Colmar is one of the most beautiful and colorful cities in France, with a population of 67,000 inhabitants. It is the capital of Haut-Rhin department, and it is located in the eastern side of the country, between the Swiss city of Basel and Strasbourg, being probably the best preserved historic village of Hexagon. Its history begins in 823 when Louis Pius named this territory Columbarium (pigeon cage, from where it gets its current name).
At first, it was a small village, which has rapidly developed into a small town, in the 13th century. Several religious orders had representatives in Colmar: Franciscans, Dominicans, Augustinians. The city began to prosper and attracted the attention of the Bishop of Strasbourg and of the royal nobility around it, who declared war to traders in Colmar. In 1648 Colmar was annexed to France by the Treaty of Westphalia, marking the end of the War of 30 years. Together with the rest of Alsace, was going to be ceded back to Germany in 1870, returning to France in 1919 and then re-attached to Germany during the Second World War.
If you arrive in Colmar, the best thing to do is to walk the streets of the beautiful old town, especially in the district called “Little Venice”, which got its names due to the houses lined up on both sides of the river that crosses the south-east side of the city.
There are five museums in Colmar, among which the most interesting one is Unterlinden Musem that houses collections of art from medieval to modern times. Unmissable is also the livable museum of toys and little trains collection of Georges Trincot. Dolls, cars, boats, airplanes, steam engines, the museum recreates the magic world of Charles Perrault’s tales and fables of La Fontaine. Toy trains fans will definitely enjoy an exhibit that runs on a nearly 1 km long trail.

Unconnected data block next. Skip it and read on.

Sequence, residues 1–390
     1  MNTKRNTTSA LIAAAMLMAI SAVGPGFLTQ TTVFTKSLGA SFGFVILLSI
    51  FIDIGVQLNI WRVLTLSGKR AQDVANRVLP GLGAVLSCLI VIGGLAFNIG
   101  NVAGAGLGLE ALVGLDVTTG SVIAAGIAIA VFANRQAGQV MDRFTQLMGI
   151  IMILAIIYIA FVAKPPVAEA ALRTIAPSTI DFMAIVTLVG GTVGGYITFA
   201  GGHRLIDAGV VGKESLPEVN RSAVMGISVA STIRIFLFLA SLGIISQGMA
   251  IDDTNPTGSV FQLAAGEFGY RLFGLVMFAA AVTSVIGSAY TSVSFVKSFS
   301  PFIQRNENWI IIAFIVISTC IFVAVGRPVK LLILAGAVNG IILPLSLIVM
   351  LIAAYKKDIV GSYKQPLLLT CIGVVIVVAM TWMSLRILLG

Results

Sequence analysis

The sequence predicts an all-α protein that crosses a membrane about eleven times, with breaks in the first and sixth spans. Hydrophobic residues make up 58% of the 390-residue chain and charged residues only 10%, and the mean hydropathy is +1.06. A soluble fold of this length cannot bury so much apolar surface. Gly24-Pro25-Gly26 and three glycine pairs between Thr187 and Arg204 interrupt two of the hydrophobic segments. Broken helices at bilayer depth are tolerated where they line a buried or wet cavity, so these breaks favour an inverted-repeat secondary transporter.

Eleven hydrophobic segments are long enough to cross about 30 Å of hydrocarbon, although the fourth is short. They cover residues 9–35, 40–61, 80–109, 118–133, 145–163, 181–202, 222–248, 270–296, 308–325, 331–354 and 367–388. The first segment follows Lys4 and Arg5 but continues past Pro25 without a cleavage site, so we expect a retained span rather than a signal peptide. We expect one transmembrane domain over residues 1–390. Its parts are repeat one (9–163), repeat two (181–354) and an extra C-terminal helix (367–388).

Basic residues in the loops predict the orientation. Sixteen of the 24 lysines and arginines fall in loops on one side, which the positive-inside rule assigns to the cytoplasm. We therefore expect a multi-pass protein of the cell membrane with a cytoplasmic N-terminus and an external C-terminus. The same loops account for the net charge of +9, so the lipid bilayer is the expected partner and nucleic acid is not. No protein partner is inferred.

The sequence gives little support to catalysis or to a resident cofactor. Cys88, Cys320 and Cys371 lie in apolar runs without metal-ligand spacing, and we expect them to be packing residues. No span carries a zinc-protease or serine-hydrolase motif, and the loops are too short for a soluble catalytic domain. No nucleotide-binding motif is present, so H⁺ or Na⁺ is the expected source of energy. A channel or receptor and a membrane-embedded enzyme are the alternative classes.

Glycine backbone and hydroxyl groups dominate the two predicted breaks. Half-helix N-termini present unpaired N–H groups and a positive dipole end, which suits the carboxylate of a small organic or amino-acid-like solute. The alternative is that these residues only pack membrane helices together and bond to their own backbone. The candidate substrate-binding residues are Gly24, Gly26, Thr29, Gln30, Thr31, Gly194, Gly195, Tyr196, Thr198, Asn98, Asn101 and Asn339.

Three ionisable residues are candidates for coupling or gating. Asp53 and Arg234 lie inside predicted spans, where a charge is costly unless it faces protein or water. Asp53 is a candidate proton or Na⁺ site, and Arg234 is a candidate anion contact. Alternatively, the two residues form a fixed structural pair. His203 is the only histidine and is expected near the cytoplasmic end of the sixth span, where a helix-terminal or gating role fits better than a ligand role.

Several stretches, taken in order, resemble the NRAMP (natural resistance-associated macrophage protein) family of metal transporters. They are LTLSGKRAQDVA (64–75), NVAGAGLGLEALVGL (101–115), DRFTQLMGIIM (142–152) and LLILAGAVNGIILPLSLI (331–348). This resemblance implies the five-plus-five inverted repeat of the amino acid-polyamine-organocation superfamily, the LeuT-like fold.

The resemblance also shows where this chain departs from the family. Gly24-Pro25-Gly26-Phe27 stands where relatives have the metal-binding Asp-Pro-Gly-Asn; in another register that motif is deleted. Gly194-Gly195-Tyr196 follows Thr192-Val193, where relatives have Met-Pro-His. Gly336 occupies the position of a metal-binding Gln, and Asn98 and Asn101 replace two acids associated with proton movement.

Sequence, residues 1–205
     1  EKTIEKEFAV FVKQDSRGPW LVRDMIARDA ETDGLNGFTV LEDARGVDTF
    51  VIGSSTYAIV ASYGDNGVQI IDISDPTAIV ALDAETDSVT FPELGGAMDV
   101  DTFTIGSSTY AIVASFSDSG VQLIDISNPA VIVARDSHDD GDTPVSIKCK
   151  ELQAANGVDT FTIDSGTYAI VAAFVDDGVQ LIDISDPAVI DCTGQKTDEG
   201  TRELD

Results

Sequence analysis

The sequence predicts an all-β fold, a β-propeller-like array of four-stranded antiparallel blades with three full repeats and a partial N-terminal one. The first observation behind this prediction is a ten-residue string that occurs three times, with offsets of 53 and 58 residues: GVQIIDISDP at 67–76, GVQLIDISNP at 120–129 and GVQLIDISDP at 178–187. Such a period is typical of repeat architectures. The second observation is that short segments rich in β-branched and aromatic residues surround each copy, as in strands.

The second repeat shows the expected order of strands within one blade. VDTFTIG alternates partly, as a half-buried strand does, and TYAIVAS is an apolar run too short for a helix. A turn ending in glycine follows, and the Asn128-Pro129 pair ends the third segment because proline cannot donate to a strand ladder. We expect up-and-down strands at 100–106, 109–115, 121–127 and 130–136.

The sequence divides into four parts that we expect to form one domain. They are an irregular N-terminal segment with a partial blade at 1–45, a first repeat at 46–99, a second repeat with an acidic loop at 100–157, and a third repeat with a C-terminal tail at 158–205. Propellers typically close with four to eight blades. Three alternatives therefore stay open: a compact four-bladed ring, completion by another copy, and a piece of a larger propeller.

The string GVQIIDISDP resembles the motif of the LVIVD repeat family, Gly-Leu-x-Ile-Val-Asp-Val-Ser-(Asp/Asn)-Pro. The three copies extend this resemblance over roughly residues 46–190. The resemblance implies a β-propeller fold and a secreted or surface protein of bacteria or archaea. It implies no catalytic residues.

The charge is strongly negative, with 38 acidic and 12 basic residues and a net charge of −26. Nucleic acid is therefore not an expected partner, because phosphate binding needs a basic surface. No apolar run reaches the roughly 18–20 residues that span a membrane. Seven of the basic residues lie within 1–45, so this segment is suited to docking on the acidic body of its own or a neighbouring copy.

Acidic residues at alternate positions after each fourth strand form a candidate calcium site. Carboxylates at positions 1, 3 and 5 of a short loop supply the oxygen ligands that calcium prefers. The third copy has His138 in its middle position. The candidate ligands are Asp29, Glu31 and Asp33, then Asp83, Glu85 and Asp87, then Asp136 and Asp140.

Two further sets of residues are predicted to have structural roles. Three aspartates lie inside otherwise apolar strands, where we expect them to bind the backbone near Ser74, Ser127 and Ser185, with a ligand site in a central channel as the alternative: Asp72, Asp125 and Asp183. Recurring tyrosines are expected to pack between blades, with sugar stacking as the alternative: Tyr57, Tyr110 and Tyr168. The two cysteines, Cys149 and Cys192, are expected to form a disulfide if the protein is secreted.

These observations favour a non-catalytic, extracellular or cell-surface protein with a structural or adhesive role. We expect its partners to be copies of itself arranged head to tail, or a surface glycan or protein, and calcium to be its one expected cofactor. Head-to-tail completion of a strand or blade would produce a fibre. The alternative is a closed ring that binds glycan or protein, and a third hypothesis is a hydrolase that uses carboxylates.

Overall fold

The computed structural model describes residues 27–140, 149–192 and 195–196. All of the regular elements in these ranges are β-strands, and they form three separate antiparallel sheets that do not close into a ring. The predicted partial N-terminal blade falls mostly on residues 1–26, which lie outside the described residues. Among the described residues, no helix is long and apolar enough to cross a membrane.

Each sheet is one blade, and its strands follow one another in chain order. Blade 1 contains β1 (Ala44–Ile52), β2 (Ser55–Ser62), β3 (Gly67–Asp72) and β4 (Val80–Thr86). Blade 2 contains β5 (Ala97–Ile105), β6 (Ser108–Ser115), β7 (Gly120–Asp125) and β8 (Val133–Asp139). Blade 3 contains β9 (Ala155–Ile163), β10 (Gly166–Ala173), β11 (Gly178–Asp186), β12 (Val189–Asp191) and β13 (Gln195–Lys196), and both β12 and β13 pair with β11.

Another interesting place to visit in Colmar is the Dominican Church. Its construction started in 1283 and was finished somewhere in the 14th century, being an important example of architecture. The church was restored in the 80s and 90s, after a long history during which was redecorated in various styles.
Do not avoid the merchant district, the place where the fishermen in Colmar used to live. The fish caught here were stored in ponds or sold at stalls in the district. In 1706, a devastating fire destroyed more than 40 houses in the neighborhood. Between 1978 and 1981, the authorities have managed to restore many of the houses of timber that were once raised here.